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Partnerships for enhanced engagement in research (PEER)
Cycle 4 (2015 Deadline)

Risk management and risk assessment of water resources of the Amu Darya river basin under conditions of climate change and construction of large reservoirs

PI: Inom Normatov (inomnor@mail.ru), Institute of Water Problems, Hydropower, and Ecology of the Academy of Sciences of the Republic of Tajikistan
U.S. Partner: Mary Brodzik, University of Colorado at Boulder
Project Dates: December 1, 2015 - November 30, 2018

Project Overview

Central Asia is one of the most active regions in terms of demographic change, with annual population growth rates of 1.5-2%. Today more than 64 million people live in the region, and future population growth will likely lead to water consumption growth as well. According to some calculations, by 2030 water consumption in Central Asia will increase by 15–20% over present levels. In addition, resources from natural drainage in the Aral Sea basin have been greatly reduced, and water deficiency is an increasing problem, with water demand now reaching 100-110% of capacity in the Amudarya river basin. Despite the water shortages in the lower basins, additional reservoirs continue to be built and plans implemented for irrigation expansion. Continuation of such alarming scenarios has very serious consequences for ensuring water security in the region, and this calls for urgent measures to adapt to significant climate changes and promote efficient water resource management in the region.

About 60% of the water that potentially flows to the lower Aral Basin originates in the high mountains of Tajikistan. Existing dams like Nurek and those under construction like Rogun control and regulate the annual flow regime. The demand for winter hydropower generation in the upstream countries where the dams are located conflicts with the summer demand for irrigation in the downstream parts of the basin. In addition, the actually available water resources are less than those stated in official negotiations due to siltation and reduced storage capacities, and summer runoff generation has been affected by glacier shrinkage, a process that not yet been taken into account. To ensure sustainable water management, we need reliable information on present and future water resources and their evolution in relation to human activities, global change, and climate evolution affecting the hydrological and melting regime of the Amu Darya’s main tributaries. It is important to know not only what the supply will be but also what the real needs are, such as actual irrigation requirements. For good planning, verifiable data are essential instead of perceived demand based on unreliable historical data, previous designs, and erroneous information. This project is designed to provide a clear picture of available water resources and to predict the changes likely to occur into the future. This will provide the riparian states with the essential information for effective water resource planning at the basin level. Achieving a more realistic allocation of water and better integrating knowledge about carrying capacity and adaptation of water consumption given environmental water needs is crucial to environmentally sustainable development in the region.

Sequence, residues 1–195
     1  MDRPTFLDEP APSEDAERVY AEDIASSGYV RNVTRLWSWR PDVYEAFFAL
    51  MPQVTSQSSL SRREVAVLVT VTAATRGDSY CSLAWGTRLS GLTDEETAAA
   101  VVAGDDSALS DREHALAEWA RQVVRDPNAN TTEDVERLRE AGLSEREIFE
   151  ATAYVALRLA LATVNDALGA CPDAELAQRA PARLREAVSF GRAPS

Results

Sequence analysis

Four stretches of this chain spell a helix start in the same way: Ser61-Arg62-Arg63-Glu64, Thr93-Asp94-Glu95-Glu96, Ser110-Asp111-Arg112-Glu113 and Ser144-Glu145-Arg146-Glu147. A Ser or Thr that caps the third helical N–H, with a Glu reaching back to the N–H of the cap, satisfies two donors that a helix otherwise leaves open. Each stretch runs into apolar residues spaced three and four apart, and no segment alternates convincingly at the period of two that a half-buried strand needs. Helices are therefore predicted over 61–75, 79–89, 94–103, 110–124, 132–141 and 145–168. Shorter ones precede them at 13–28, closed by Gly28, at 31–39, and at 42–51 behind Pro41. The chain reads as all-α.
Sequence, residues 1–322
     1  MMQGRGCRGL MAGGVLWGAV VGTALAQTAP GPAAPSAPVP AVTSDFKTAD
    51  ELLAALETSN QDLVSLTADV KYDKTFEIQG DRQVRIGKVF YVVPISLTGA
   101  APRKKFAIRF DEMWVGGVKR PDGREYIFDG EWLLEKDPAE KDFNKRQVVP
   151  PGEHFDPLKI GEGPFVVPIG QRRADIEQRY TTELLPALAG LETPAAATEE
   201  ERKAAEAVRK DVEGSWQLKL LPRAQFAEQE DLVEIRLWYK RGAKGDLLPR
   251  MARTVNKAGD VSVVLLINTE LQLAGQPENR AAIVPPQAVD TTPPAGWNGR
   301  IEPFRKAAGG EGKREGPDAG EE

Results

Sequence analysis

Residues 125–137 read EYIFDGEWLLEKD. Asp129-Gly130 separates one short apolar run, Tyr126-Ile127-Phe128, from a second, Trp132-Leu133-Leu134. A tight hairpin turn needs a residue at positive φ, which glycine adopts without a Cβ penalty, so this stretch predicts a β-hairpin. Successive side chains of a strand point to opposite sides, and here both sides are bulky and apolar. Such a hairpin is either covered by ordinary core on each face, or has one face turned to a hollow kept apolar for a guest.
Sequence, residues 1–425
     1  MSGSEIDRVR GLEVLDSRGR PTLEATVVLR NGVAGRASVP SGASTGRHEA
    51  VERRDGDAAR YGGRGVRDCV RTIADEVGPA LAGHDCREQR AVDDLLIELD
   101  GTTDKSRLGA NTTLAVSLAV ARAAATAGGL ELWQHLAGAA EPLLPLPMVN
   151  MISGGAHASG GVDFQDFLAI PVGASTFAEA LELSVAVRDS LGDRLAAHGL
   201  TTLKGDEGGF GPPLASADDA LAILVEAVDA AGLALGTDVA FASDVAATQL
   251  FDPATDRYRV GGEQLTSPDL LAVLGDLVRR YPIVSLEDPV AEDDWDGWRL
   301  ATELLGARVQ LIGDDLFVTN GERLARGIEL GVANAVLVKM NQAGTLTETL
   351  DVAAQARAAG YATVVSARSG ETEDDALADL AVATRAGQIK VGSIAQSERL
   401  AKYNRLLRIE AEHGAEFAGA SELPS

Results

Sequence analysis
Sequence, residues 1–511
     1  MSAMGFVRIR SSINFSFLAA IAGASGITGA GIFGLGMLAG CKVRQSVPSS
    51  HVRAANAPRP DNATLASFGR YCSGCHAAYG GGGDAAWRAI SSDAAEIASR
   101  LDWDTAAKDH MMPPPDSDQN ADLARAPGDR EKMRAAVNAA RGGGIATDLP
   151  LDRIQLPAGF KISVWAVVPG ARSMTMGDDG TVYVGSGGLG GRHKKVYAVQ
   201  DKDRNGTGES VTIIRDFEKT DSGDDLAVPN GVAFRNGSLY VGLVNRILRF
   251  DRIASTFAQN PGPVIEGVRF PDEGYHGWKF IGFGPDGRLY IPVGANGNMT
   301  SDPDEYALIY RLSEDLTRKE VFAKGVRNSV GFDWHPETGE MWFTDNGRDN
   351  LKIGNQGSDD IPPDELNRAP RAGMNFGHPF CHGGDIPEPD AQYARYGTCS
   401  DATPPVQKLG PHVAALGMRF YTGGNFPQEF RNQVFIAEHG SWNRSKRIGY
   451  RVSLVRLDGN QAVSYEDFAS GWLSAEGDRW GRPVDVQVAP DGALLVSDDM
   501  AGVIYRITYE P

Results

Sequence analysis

Summary of Recent Activities

During the reporting period April-June 2017 the project team focused on the study of the orography of the Pamir Mountain which includes the zone forming the Transboundary Amu Darya River and influences the formation of meteorological conditions of the Amudarya tributaries, the Pyanj and Vakhsh Rivers. For this reason, meteorological data from the Darvaz meteorological stations, Khorog, Irkht, and the meteorological station on the Fedchenko glacier were used. During the processing of meteorological data for the period 1934-2014, the team established mean annual precipitation in the various regions of the southwestern climatic zone of the Gorno Badakhshan Autonomous Region of the Pamirs. The processing of meteorological data from the meteorological station on the Fedchenko glacier showed that the trend of changes in atmospheric precipitation for the periods 1931-1961 and 1961-1991 is of an increasing nature. The formation of snow cover on the Fedchenko glacier during these periods is also characterized by an increasing trend.

At first glance, based on the above results, it could be concluded that a continuous process of accumulation of snow cover is taking place on the Fedchenko glacier. However, the processing of a continuous series of snow cover data for the period 1931-1991 showed that the change in snow cover height on the Fedchenko glacier is cyclical. It was found that the formation of the snow cover in the Fedchenko glacier corresponds to the winter-spring period.

In the next six months, fieldwork is planned in the basins upstream of the Vakhsh River where the team will sample waters for chemical and isotope analyzes. The team also plans to hold short courses for students of the Meteorology and Climatology Department of Tajik National University and employees from the Hydrometeorology Agency of Republic of Tajikistan which will cover the modern methods and methodology for the monitoring of hydrology characteristics of mountain rivers.


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